Practical management of immune-related adverse events from immune checkpoint protein antibodies for the oncologist

Jeffrey S Weber
American Society of Clinical Oncology Educational Book 2012, : 174-7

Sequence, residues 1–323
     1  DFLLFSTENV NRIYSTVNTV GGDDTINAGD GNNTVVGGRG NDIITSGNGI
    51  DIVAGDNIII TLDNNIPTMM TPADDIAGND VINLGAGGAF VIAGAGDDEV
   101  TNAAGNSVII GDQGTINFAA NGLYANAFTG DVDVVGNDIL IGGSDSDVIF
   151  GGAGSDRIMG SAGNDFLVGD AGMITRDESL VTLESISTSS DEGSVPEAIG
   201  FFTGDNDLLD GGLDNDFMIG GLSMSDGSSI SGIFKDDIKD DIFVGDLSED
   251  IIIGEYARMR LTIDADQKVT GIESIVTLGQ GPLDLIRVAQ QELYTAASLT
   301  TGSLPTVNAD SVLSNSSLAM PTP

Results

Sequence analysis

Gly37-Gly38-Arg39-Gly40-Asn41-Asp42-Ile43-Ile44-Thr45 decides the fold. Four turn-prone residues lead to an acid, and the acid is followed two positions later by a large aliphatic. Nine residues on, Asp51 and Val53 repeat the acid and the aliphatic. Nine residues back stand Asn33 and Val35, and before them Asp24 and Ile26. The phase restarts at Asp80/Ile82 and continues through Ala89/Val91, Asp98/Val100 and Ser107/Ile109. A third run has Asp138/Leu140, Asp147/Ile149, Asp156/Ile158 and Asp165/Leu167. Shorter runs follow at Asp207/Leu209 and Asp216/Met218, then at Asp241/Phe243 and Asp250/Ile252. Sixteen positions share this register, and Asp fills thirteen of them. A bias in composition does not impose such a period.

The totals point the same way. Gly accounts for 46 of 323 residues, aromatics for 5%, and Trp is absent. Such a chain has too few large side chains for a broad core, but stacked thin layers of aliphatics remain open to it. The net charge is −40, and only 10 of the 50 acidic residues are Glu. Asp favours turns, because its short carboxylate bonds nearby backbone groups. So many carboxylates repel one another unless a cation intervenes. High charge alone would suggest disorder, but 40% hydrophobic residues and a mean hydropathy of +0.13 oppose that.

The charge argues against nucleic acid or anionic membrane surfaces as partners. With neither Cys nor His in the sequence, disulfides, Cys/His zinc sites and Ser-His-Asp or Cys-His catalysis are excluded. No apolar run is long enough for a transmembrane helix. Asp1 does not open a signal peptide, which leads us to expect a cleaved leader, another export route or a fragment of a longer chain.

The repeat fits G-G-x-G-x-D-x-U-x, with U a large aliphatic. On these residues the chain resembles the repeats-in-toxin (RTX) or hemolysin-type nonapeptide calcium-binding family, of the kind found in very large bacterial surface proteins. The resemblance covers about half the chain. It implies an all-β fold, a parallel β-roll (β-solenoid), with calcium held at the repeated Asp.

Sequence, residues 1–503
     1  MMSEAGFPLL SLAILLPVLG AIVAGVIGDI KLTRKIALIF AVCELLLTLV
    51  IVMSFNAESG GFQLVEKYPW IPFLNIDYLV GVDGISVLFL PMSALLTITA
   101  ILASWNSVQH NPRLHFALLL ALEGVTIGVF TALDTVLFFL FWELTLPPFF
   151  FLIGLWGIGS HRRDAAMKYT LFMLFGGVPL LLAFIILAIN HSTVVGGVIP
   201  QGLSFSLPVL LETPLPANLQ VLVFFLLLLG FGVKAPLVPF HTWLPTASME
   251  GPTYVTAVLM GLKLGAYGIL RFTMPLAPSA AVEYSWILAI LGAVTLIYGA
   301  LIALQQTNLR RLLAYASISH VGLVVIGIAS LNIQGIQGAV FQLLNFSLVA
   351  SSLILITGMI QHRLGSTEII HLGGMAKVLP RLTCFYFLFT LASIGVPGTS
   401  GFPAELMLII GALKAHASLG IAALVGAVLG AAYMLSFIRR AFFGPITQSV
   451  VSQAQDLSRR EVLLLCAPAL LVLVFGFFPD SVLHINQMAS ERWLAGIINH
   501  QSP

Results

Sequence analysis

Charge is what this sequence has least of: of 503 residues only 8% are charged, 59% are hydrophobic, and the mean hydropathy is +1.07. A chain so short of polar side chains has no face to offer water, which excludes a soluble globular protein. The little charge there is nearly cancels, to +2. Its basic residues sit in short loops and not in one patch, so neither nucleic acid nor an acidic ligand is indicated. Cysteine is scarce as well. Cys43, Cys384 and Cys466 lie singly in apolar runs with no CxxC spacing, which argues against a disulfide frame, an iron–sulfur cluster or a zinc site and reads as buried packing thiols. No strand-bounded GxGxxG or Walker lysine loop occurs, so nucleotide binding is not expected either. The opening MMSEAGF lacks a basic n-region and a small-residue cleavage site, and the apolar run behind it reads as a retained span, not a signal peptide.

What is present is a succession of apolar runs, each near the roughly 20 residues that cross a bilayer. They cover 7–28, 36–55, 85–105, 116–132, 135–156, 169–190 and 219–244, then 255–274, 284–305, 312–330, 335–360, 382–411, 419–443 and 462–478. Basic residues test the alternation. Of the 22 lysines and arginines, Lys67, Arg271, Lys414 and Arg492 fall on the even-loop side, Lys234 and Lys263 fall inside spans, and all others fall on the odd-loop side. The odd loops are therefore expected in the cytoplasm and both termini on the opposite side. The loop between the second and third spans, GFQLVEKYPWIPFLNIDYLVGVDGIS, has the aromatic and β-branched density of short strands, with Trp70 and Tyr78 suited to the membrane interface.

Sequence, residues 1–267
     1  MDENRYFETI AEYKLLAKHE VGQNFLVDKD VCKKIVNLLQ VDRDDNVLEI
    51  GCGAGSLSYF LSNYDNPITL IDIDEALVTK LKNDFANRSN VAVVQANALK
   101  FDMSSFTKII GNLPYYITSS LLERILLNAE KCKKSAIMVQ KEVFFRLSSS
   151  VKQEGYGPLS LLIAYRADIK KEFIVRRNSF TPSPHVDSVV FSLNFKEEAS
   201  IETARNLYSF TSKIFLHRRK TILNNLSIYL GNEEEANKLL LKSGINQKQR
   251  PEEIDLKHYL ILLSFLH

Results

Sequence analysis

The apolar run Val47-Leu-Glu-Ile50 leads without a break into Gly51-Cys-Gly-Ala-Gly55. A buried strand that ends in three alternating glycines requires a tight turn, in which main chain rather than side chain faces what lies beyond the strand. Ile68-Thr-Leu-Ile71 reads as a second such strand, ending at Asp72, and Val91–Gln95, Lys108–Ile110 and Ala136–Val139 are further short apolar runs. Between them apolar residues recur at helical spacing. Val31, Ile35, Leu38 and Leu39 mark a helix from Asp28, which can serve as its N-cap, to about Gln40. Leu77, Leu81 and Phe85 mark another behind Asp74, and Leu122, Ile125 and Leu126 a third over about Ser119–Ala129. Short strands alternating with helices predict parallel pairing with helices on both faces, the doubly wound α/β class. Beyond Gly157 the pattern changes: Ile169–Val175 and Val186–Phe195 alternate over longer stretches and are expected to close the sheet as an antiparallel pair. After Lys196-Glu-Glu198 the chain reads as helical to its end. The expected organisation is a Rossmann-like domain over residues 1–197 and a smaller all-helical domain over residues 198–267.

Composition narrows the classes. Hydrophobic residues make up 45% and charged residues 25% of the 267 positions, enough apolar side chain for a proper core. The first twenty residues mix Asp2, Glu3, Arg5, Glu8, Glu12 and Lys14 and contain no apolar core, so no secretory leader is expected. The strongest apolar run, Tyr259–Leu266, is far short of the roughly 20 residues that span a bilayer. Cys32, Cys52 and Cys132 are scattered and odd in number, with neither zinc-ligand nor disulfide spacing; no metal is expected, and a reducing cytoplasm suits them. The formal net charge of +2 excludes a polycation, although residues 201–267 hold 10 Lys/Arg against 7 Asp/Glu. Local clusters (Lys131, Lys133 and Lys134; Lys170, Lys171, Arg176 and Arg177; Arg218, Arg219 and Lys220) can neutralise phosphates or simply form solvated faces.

Monoclonal antibodies directed against immune checkpoint proteins, such as cytotoxic T-lymphocyte antigen-4 (CTLA-4) or programmed death-1 (PD-1), can boost endogenous immune responses directed against tumor cells. Recently, ipilimumab was approved by the U.S. Food and Drug Administration (FDA) for the treatment of metastatic melanoma, and the anti-PD-1 antibody BMS-936558 has shown promising results in patients with melanoma, non-small cell lung cancer, and renal cell cancer. During treatment with these antibodies, a unique set of toxicities occur called immune-related adverse events (irAEs). These irAEs may occur at any time during treatment and include colitis characterized by a mild to moderate but occasionally severe and persistent diarrhea. Hypophysitis, hepatitis, pancreatitis, iridocyclitis, lymphadenopathy, neuropathies, and nephritis have also been reported with ipilimumab, and a subset of those side effects has also been observed with BMS-936558. Patient and physician education as well as good patient-caretaker communication are keys to limiting the morbidity of irAEs. Early recognition of these irAEs and initiation of treatment are critical to reduce the risk of complications, since virtually all irAEs are reversible with the use of steroids and other immune suppressants. The onset of grade 3 to 4 irAEs correlated with treatment response in some ipilimumab studies. This article provides detailed description and recommendations for practicing oncologists to manage the common irAEs associated with antibodies against immune checkpoint blockade.

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